UK Space Industry Bill: A Missed Opportunity to Promote British Space Mining?
The UK Space Industry Bill has now passed the House of Lords and is on its way to the House of Commons, the date for its second reading has yet to be announced but I would imagine it won’t be until the new year but you can keep track of its progress here. The Space Industry Bill is the resurrected Spaceflight Bill from the previous parliament which was cut short by the unexpected general election which was held in June of this year. The Space Industry Bill was largely unchanged from the Spaceflight Bill when introduced into the Lords and deals with launch operations from UK territory and the establishment and operation of spaceports from which those launch operations will be conducted. I feel this was a missed opportunity to expand the scope of the bill, and thus be more deserving of the name Space Industry Bill, as I will discuss in a short presentation at the UK Strategies for the ISRU Grand Challenge workshop at the Royal Astronomical Society today. The focus of my talk, and this post, is space mining, but there are a number of other areas that the UK government could have focused on beyond spaceports and their operations.
First a few words on the existing bill itself, then I will turn my attention to space mining and its potential in the UK. I have already discussed the Space Industry bill a few times before so won’t repeat too much of it here. However, while the idea of a UK spaceport and of launches being conducted from the UK is an exciting one, it does seem more than a tad over-hyped. The reality is the UK is not in a good location for launching many payloads, there’s a reason why existing space launch facilities are located as close to the equator as possible. French Guyana is actually one of the best places in the world for a spaceport, the southern Somali coast would also be a pretty excellent location if peace and stability can eventually be brought to that troubled country. Prestwick, on the other hand, is double the distance from the equator than Kennedy and Woomera, Australia (the site of the UK’s first, and so far, only launch of a UK satellite on a UK built rocket). Which is probably the primary reason, besides Skylon, why there’s so much focus on spaceplanes rather than vertical launches. However, none of this may not matter too much if the main draw is space tourism, although there’s reason to be sceptical of the potential of that industry. Besides, even if it is capable of living up to the hype one needs to bear in mind that Spaceport America has cost over $200 million and is still not actually operating as a spaceport (by contrast the UK government has ‘found’ £50 million extra to support the spaceport initiative…) additionally Virgin Galactic, who it would seem are the main targets for the UK spaceport initiative, are being understandably noncommittal about non-US operations (see this interview on TMRO), as they need to get up and running in the USA first, plus there are potential issues with ITAR especially given the ‘informed consent’ requirements of the UK Space Industry Bill (which I have discussed in the previous posts linked to above.)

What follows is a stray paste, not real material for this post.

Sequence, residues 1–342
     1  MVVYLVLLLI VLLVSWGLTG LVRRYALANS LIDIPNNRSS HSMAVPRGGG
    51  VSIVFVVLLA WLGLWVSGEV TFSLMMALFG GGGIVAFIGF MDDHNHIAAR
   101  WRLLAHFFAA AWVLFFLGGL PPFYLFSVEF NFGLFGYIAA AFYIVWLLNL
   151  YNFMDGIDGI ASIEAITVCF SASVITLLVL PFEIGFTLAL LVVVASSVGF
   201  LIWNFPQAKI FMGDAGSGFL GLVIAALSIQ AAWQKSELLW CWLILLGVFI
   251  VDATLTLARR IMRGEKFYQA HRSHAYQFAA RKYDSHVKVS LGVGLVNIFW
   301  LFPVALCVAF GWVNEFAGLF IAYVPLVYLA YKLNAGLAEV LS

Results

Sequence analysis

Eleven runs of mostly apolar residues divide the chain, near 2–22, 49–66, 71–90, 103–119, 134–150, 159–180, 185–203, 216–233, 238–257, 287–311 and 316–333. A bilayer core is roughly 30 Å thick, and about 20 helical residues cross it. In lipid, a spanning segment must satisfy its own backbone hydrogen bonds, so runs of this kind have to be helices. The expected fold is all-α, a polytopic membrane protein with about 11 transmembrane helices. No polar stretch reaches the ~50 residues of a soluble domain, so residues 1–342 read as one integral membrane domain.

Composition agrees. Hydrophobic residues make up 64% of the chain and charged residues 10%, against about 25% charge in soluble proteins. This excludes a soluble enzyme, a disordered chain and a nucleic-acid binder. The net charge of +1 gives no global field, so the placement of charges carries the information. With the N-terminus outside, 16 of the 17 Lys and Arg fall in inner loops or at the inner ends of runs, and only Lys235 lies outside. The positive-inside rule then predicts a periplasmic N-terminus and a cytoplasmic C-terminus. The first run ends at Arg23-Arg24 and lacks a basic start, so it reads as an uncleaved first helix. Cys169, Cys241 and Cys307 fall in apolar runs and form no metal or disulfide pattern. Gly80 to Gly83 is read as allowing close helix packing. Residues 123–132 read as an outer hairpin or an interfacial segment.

Skylon (a model, just in case that wasn’t clear…)
As I have discussed before the Outer Space Treaty is the foundation upon which the space law regime is built. While the Outer Space Treaty does prohibit national appropriation of space, the Moon and any other celestial body by any means, it also provides for a broad freedom of use by all states. Therefore, there is scope within the existing space law regime for space mining to be permitted. Article VI of the Outer Space Treaty requires that activities conducted by non-governmental actors, be they individuals or corporations, are ‘authorised and supervised’ by governments. Most governments of states involved in space activities have therefore introduced national legislation to provide a process for this authorisation and supervision. In the UK this currently takes the form of the Outer Space Act 1986 but assuming it becomes law will also include the UK Space Industry Bill. Article VI of the Outer Space Treaty is also why the United States and Luxembourg have introduced their new laws on space mining, but as I have discussed this further elsewhere I won’t dwell too long on the details here.
The UK is in an excellent position to benefit from space mining. The commercial space industry is doing well, globally, and asteroid mining, despite still being very early in its development, is not only looking viable but promising. The Financial Times recently had an excellent feature on the topic of space mining, which included, among other things, a good overview of the companies involved in the embryonic space mining industry. Furthermore, Brexit notwithstanding, the UK space industry is in good health and continuing to grow and as evidenced by the UK Space Industry Bill and the government’s stated target of growing the UK Space Industry to be worth £40 billion by 2030 (currently ~£13 billion), as well as the most recent announcement of £200,000 for four new space focused business incubators.